“In the last two years, I was in Africa three times — East and West Africa…I will drop a big hint: I hope to get to Central Africa. Israel is coming back to Africa. Africa is coming back to Israel.”— Prime Minister Benjamin Netanyahu. In an unprecedented visit to Israel, Chadian President Idriss Déby said he wishes to restore diplomatic relations with the Jewish state, 46 years after ties between the two countries were severed. Netanyahu, meanwhile, hinted that he intends to travel to additional Arab countries in the near future, following his surprise visit to Oman in October for the first trip to the country by an Israeli prime minister in over 20 years. (Times of Israel, Nov. 25, 2018)

“The world is changing before our eyes. Crises and wars we knew are changing as well…There’s a time for war and a time for peace. Our message is global to all leaders: Chad doesn’t presume to speak for black Africa. Chad comes to renew bilateral diplomatic relations. But if Chad can be a facilitator, Chad will not hesitate.” — Chad President Idriss Déby. Benjamin Netanyahu will soon visit Chad to formally re-establish diplomatic relations between the two countries. Israel and Chad have not had formal relations since the 1970’s, when the Arab-Israeli conflict drove a wedge between Israel and African countries. Déby’s historic visit was reportedly meant to lay the groundwork for establishing normalized relations with other Muslim-majority African nations including Mali, Niger, and controversially, Sudan. (I24, Nov. 27, 2018)

“The Zionist regime is clearly weaker than 10, 20 years ago. A few years ago they fought Hezbollah for 33 days and were defeated. They were defeated 2 years later in the 22-day war on Palestinian resistance; in 8-day war on oppressed people of Gaza and recently in the 2-day war.” — Supreme Leader Ali Khamenei of Iran. Khamenei tweeted insults against Israel after President Hassan Rouhani called Israel a “cancerous tumor” during his address to an annual Islamic Unity Conference. “One of the ominous results of World War II was the formation of a cancerous tumor in the region,” Rouhani said, referring to Israel.  He also said that Israel is a “fake regime” set up by Western countries. Rouhani said in his address that the U.S. cultivates close ties with “regional Muslim nations” to protect Israel, referring to Saudi Arabia. He said succumbing to American pressure is “treason.” (JTA, Nov. 25, 2018)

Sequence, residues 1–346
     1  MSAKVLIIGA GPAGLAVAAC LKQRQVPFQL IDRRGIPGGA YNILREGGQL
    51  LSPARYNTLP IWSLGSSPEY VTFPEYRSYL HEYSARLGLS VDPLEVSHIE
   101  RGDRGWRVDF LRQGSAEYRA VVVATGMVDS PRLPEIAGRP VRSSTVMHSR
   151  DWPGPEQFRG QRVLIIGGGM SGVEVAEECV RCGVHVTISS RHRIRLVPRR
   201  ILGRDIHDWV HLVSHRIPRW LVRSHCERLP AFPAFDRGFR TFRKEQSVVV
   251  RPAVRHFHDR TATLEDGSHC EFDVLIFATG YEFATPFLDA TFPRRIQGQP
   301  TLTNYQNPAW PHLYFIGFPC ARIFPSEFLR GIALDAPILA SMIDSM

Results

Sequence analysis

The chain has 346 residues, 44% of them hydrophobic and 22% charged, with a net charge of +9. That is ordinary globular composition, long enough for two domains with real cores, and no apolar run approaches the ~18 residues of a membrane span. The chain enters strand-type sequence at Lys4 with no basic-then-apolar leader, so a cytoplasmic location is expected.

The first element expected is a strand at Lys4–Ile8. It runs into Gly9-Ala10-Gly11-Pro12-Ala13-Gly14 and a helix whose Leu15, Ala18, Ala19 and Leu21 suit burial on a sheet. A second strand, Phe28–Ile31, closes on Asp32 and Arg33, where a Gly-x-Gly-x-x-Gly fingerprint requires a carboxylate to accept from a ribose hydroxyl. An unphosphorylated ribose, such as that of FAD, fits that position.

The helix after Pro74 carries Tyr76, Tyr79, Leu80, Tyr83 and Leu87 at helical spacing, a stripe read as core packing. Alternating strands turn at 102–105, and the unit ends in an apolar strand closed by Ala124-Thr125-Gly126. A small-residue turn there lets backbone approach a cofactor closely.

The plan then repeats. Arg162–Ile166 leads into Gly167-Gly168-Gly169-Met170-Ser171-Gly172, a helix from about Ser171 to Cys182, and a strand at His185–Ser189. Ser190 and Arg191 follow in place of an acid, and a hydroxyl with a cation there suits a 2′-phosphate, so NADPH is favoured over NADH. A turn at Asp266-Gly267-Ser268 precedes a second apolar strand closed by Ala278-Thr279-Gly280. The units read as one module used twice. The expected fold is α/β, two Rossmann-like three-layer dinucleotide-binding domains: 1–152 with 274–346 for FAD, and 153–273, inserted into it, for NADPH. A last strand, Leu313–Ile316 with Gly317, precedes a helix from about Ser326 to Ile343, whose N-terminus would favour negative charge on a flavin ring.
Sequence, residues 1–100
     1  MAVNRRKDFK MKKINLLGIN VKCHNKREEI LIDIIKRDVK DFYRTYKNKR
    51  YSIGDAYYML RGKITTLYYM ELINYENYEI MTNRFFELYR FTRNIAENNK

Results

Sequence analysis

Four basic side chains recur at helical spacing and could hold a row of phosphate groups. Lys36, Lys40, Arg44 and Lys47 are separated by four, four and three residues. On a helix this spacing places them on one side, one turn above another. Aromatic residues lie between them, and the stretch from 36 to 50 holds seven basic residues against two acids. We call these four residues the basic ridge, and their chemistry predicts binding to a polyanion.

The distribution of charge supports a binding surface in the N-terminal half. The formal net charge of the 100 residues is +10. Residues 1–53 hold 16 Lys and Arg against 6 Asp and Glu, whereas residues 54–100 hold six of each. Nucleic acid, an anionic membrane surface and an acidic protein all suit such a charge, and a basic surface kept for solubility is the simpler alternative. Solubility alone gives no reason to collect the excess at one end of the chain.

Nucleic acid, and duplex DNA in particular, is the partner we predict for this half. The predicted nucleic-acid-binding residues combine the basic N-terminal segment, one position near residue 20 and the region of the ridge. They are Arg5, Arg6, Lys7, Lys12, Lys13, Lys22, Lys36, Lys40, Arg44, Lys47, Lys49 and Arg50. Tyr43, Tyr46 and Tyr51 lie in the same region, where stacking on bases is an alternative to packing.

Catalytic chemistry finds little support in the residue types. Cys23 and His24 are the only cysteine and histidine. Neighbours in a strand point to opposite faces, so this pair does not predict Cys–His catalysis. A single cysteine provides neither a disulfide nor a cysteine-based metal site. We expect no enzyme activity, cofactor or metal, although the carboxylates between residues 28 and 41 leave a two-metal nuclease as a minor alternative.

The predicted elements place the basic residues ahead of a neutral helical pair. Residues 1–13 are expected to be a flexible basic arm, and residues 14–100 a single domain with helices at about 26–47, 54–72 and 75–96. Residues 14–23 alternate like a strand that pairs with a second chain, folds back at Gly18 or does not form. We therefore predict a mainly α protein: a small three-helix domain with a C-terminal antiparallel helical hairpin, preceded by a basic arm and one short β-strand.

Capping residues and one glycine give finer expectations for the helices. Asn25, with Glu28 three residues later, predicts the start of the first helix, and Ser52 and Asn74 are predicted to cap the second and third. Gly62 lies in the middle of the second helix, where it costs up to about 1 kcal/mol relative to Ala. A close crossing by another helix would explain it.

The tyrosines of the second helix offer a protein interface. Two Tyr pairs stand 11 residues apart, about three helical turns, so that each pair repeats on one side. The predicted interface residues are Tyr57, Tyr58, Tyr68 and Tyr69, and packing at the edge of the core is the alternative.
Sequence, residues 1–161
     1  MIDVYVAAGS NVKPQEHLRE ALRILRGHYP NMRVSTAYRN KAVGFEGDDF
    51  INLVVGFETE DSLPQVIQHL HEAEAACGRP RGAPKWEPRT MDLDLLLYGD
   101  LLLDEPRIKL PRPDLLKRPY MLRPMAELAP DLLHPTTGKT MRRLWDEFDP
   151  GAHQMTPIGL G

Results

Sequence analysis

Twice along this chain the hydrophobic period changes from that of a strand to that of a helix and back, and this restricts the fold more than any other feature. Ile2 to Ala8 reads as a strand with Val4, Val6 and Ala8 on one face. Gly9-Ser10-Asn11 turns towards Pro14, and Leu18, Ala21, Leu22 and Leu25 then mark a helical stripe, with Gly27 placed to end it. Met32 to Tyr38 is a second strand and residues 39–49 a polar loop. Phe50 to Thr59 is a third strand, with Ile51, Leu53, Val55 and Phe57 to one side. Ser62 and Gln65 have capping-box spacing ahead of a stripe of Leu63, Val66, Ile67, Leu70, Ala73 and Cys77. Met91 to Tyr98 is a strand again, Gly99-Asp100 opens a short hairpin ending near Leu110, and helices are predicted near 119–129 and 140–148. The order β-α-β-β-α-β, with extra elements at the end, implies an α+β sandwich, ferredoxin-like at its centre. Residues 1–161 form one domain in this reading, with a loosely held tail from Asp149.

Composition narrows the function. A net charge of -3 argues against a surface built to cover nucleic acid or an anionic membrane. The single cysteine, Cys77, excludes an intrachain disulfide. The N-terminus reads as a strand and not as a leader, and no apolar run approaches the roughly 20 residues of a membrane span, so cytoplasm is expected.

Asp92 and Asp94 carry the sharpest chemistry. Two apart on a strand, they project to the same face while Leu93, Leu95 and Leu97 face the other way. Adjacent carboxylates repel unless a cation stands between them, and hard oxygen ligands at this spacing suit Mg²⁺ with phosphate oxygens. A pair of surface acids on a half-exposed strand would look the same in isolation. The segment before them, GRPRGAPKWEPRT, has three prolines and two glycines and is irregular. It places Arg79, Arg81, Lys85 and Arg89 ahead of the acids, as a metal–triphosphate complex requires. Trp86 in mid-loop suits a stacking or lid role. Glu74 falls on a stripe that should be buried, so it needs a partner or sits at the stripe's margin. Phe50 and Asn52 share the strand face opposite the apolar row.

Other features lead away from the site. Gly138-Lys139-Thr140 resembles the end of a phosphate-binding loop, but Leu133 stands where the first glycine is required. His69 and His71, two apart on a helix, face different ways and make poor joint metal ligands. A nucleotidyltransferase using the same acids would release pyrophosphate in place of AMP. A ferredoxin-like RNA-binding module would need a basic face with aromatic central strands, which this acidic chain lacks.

“Iran’s regime calling Israel a ‘cancerous tumor’ is like the pot calling the kettle black. All the people of that region will be better off once both murderous regimes are terminated.” — Hussam Ayloush, a senior Council on American-Islamic Relations (CAIR) official. Based on this tweet, one might assume Ayloush has an equal disdain for the Islamic Republic of Iran and Israel. However, whereas Ayloush would like to see regime change in Iran, he has a history of describing Israel in ways that echo Iranian rhetoric calling for its destruction. He has referred to Israelis as “zionazis” and repeatedly equated the IDF with I.S. terrorists. (IPT News, Nov. 26, 2018)

“I always say that life without dreams is empty. As I see it, we the Palestinians have a great dream before us: To liberate Palestine from the [Jordan] River to the [Mediterranean] Sea. This dream will remain before us and requires of us willpower. Our people’s willpower is strong. The proof of this is the thousands of prisoners and the thousands of martyrs who have fallen to realize the dream of liberating Palestine.” — The Rector of Al’Istiqlal University in Jericho Saleh Abu Osba. Palestinian children are still being taught that “Palestine” includes all of Israel. Decades after the Oslo Accords, the PA, headed by Mahmoud Abbas, still doesn’t recognize Israel’s existence. One of the PA’s popular slogans, a way of saying all of Israel is “Palestine,” is to describe it as stretching “from the Jordan River to the Mediterranean Sea.” (Jewish Press, Nov. 27, 2018)

“Airbnb is not welcome in Beverly Hills as long as its policies are based on anti-Jewish double standards. We can try to inoculate others against this malady but we also must protect ourselves against its effects.” — Beverly Hills Vice Mayor John A. Mirisch. The city council of Beverly Hills, CA voted unanimously to withdraw apartment listings for the city from Airbnb after the home rental giant decided to remove some 200 ads for accommodation units located in Jewish settlements in the West Bank. Mirisch said Beverly Hills is determined to fight “the disease” called “Jew hatred.” The statement emphasized that Airbnb’s decision stems from antisemitism and therefore will not be tolerated. “Airbnb’s decision to remove all listings in Jewish settlements in the West Bank demonstrates hatred, prejudice, ignorance and hypocrisy…Airbnb’s actions are antithetical to the values that we hold dear in Beverly Hills … prejudice and discrimination based on religion have no place in our community, country and world,” the statement read. (Times of Israel, Nov. 25, 2018)